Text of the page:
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The U.S. dollar traded lower against the most major currencies. The U.S. currency remained supported by Thursday's strong U.S. labour market data. U.S. companies added 288,000 jobs in June.
The unemployment rate in the U.S. dropped to 6.1% in June from 6.3% in May. That was the lowest level since September 2008.
The euro traded higher against the U.S. dollar after mixed economic data from the Eurozone. German industrial production dropped 1.8% in May, missing expectations for a 0.3%, after a 0.3% decline in April. April's figure was revised down from a 0.2% increase.
Sentix investor confidence index for the Eurozone increased to 10.1 in July from 8.5 in June, beating expectations for a drop to 7.5.
The British pound traded lower against the U.S. dollar in the absence of any major economic reports in the U.K.
The Swiss franc traded higher against the U.S. dollar after the economic data from Switzerland. Switzerland's unemployment rate remained unchanged at a seasonally adjusted 3.2% in June, in line with expectations.
The Swiss National Bank's foreign exchange reserves increased to 449.553 billion Swiss francs in June, from 444.351 billion Swiss francs in May. May's figure was revised down from 444.354 billion Swiss francs.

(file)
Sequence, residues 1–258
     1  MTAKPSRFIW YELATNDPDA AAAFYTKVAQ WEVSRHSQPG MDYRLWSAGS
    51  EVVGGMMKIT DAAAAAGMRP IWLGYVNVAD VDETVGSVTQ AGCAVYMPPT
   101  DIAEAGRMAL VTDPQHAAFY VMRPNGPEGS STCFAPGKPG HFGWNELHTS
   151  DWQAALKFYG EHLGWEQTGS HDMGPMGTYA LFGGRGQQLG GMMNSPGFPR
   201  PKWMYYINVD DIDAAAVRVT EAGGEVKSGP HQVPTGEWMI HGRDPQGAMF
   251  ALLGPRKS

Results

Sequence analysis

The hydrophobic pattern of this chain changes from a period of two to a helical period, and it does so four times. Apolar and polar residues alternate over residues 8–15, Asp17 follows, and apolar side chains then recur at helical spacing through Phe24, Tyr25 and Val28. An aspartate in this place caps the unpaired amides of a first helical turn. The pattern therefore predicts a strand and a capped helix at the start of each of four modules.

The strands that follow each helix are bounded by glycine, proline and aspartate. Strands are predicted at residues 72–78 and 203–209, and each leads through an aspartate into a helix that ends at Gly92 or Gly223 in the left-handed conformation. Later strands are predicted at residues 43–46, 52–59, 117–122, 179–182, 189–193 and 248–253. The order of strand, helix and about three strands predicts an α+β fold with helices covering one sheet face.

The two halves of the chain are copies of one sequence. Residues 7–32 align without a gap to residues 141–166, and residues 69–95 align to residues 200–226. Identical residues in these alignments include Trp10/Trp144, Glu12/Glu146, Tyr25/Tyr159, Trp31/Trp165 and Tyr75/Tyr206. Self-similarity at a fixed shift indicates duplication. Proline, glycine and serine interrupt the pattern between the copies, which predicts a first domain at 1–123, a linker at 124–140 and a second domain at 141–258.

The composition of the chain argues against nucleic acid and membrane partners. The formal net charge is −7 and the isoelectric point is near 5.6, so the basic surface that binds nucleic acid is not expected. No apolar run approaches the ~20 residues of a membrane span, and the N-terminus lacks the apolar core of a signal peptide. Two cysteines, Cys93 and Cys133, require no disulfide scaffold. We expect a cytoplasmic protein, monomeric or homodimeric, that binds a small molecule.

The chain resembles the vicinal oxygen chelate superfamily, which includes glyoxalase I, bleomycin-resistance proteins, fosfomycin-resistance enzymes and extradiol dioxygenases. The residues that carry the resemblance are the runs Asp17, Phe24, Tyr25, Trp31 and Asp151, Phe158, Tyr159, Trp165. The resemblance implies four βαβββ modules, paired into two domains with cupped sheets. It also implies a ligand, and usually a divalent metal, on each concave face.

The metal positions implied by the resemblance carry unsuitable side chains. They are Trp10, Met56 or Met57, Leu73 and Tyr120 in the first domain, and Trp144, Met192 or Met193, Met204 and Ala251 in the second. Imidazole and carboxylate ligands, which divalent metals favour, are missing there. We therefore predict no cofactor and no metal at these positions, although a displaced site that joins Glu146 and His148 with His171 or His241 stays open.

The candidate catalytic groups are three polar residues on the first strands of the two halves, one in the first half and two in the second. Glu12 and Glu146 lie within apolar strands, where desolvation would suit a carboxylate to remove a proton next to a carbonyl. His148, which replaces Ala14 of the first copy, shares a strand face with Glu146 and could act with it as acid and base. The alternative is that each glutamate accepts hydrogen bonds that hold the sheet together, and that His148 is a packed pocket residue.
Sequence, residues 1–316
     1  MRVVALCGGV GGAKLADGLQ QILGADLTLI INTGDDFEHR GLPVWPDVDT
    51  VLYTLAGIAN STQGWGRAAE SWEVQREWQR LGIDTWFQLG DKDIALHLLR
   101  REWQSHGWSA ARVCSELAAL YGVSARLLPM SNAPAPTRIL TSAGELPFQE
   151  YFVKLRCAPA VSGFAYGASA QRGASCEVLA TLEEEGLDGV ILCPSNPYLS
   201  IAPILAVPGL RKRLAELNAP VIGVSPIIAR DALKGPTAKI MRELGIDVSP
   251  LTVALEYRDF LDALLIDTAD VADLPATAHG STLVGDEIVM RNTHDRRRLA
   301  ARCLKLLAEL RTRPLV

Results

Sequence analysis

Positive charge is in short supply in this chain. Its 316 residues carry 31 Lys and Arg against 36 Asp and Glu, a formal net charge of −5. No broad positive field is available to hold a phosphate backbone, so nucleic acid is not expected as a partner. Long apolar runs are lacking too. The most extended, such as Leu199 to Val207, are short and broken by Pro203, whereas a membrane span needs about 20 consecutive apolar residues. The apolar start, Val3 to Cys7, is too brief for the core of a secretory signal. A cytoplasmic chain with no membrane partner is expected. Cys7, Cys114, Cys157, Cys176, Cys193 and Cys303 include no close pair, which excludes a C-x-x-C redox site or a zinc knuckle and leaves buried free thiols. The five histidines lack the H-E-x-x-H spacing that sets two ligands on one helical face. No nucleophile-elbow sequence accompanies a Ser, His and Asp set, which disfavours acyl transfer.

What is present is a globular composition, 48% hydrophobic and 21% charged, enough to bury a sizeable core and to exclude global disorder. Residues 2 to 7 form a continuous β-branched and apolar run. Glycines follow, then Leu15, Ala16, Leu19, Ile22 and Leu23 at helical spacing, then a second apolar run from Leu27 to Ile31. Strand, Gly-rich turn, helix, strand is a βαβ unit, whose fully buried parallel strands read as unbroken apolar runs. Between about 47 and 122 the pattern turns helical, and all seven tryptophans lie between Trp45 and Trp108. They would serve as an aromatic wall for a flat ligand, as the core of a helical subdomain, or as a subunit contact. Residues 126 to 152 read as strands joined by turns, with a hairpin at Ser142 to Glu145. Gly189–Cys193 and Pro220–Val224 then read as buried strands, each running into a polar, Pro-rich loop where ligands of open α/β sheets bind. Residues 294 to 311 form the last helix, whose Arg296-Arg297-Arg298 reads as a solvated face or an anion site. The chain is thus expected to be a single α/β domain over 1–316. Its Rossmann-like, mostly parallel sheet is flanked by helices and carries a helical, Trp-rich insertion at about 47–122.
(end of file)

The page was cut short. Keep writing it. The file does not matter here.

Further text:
The Canadian dollar traded lower against the U.S. dollar after mixed Canadian economic data. Building permits in Canada increased 13.8% in May, exceeding expectations for a 3.1% rise, after a 2.2% gain in April. . That was the fastest pace in 10 months.
April's figure was revised up from a 1.1% increase.
Ivey purchasing managers' index for Canada dropped to 46.9 in June from 48.2 in May, missing expectations for a rise to 51.3.
The New Zealand dollar increased against the U.S dollar in the absence of any major economic reports in New Zealand.
The Australian dollar climbed against the U.S. dollar after the economic data from Australia. The AI Group/HIA released its housing construction index for June. The index increased to 51.8 in June from 46.7 in May.
The ANZ job advertisements rose 4.3% in June from a decline of 5.7% in May. May's figure was revised down from a drop of 5.6%.
The Japanese yen traded higher against the U.S. dollar. Japan's leading economic index declined to 105.7 in May from 106.5 in April, missing expectations for a decrease to 106.0. April's figure was revised down from 106.6.
Japan's coincident index remained unchanged at 111.1 in May, beating expectations for a decline to 111.0.
The Bank of Japan Governor Haruhiko Kuroda said on Monday the BoJ will maintain its stimulus programme for as long as necessary to achieve its 2% inflation target. He added that "the BOJ will examine upside and downside risks to the economy and prices, and adjust monetary policy as needed".
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